What are the golden rules of the Harcombe Diet?

The premise of nutritionist Zoe Harcombe's diet plan is 'stop counting calories and start losing weight'. Sounds good to us, but how does it work? Here's everything you need to know...

Nutritionist Zoe Harcombe once struggled to lose weight. She was addicted to refined carbohydrates and sugary snacks but found that the more she tried to eat less the bigger she got. The pounds finally started to drop off when Zoe stopped counting calories and changed the way she ate. From this, she developed The Harcombe Diet. And here’s what it involves…

What can you eat? 

The diet is based on the premise that there are three common medical conditions that cause food cravings and that they themselves result from calorie-restricted eating. They are candida, food intolerance and hypoglycaemia.
The Harcombe diet involves ditching fake food in favour of real food. Instead of limiting the amount they eat by calorie-counting, followers don’t eat less. Instead, it’s about ‘making the calories you eat count’, explains Harcombe on her website.
The diet is split into three phases:
Phase One lasts for five days. During this period, you can eat unlimited meat, fish, eggs, vegetables (except potatoes and mushrooms), natural yoghurt, herbs, spices and one portion of what are called “safe” grains (brown rice, quinoa, oats) each day.
Phase Two lasts for as long as you need to lose weight. Fruit, dairy products, baked potatoes and whole grains are re-introduced.
Phase Three is meant to last for life. It teaches you the rules of “cheating” while keeping the weight off.
Harcombe gives more detailed information on the three phases in her book, The Harcombe Diet: Stop Counting Calories and Start Losing Weight.
How much weight can you lose?
Harcombe claims that followers of the diet can expect to lose 5 to 7 pounds in the first five days alone.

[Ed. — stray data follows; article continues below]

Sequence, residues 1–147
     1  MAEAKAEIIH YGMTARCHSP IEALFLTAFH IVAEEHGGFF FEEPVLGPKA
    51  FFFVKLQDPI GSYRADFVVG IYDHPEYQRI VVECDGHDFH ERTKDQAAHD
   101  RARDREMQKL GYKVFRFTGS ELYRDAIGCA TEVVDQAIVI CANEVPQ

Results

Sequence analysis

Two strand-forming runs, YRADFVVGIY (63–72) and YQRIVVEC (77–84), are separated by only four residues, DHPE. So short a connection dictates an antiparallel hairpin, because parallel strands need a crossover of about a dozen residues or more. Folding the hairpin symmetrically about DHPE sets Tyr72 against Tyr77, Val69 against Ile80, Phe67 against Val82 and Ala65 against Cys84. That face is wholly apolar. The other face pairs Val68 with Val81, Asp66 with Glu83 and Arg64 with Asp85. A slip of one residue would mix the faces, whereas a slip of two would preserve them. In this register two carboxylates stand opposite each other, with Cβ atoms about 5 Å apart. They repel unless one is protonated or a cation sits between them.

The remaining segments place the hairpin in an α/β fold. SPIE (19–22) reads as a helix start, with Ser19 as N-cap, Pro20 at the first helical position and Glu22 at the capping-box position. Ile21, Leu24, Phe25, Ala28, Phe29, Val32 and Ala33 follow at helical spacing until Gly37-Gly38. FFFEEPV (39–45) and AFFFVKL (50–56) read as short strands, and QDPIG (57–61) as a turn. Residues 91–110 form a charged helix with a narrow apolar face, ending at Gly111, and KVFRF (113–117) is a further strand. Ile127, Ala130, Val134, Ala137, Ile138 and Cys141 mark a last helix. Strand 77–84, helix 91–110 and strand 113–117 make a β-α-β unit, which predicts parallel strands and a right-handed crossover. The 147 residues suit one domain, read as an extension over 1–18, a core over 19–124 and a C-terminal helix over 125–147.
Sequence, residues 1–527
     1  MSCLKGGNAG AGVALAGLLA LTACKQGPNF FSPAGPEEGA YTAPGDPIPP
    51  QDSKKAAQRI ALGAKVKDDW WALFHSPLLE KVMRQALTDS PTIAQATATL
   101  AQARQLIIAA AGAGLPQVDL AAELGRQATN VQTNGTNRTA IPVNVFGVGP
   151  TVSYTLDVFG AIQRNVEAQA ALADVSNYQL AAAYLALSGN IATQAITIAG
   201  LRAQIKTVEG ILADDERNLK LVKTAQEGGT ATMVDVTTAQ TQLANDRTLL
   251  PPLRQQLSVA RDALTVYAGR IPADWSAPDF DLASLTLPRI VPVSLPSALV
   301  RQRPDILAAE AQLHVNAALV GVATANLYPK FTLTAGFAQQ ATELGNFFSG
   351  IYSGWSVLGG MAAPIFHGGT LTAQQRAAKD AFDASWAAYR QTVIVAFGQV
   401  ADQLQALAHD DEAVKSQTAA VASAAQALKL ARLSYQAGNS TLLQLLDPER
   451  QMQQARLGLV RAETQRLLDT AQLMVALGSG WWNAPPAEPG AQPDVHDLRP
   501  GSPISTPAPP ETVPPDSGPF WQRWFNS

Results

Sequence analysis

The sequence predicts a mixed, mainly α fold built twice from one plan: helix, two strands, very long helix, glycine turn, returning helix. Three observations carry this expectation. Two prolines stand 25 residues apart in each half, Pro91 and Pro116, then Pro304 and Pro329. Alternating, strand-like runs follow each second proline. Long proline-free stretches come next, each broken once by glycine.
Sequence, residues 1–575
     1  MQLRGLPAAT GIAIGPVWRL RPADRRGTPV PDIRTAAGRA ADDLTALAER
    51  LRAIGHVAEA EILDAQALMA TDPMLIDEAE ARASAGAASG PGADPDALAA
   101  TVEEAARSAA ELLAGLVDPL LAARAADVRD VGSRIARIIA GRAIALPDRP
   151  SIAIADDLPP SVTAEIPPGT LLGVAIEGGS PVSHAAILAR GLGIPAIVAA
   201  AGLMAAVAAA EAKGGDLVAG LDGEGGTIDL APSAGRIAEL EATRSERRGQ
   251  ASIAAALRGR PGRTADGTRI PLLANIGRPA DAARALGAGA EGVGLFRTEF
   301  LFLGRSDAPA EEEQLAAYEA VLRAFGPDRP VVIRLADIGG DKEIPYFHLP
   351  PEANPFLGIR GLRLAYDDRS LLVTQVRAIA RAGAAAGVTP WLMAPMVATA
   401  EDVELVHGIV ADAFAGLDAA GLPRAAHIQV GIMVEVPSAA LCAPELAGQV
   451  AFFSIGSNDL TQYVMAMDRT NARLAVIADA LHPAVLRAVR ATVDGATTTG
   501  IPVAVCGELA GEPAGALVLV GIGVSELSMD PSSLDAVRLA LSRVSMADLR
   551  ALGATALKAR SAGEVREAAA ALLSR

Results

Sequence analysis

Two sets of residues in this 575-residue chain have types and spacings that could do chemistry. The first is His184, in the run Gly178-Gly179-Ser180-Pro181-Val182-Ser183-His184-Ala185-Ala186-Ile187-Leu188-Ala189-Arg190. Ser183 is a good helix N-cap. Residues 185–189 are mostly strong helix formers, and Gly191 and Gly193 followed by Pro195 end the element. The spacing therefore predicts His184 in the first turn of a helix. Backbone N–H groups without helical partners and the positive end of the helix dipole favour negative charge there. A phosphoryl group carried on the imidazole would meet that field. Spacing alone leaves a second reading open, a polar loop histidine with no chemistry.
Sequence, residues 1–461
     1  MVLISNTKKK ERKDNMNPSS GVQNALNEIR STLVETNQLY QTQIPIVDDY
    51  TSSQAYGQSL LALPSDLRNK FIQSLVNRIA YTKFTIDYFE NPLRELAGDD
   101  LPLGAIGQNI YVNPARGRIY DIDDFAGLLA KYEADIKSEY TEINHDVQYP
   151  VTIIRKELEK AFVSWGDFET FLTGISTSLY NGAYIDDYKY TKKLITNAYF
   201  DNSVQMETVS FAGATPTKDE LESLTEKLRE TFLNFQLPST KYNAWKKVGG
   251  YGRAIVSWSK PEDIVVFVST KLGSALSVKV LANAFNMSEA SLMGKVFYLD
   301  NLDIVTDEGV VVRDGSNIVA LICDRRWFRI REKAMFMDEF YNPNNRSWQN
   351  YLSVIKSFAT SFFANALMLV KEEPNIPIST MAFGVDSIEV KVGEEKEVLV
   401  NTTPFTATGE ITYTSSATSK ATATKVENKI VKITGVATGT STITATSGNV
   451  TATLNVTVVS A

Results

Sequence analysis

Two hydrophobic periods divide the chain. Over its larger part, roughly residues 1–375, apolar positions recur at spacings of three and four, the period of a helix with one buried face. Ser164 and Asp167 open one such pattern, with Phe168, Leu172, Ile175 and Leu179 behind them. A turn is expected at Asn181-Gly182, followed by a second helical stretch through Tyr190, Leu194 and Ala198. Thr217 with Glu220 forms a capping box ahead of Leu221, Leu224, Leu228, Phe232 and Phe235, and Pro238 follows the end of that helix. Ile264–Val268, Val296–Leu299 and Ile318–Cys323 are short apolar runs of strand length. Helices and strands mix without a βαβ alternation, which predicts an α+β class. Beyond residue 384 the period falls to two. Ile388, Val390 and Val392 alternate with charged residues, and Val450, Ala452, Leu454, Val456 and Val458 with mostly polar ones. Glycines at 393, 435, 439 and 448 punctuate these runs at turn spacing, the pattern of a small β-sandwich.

Harcombe Diet foods and vegetables

All the greens

Who is the diet for?

The Harcombe Diet is aimed at anyone who experiences cravings and wants to stop feeling addicted to certain foods, including chocolate and bread. (So that’s most of us then…) It’s for people who have used calorie-controlled diets to lose weight in the past but found that the pounds soon returned, and now want to slim down without having to make too many sacrifices. Those who experience uncomfortable symptoms after meals, including bloating, may also benefit.

 So what do the experts think? We’ve spoken to nutritional consultant Anna Baudrain to hear her verdict on this new eating plan…

‘The fundamental principle of The Harcombe Diet is to eat real food, which is sound advice, backed by respected nutritionists.
The book also claims that the medical conditions candida, food intolerance and hypoglycaemia are caused by eating the wrong combinations of foods, and highlights the importance of combining foods correctly. In my clinical experience, the principle of food-combining works well for people with a slow metabolic rate.
However, this diet may not be a one-size fits all solution. People with chronic digestive issues, an underlying inflamed gut or a fatty liver should work with a trained nutritionist.’

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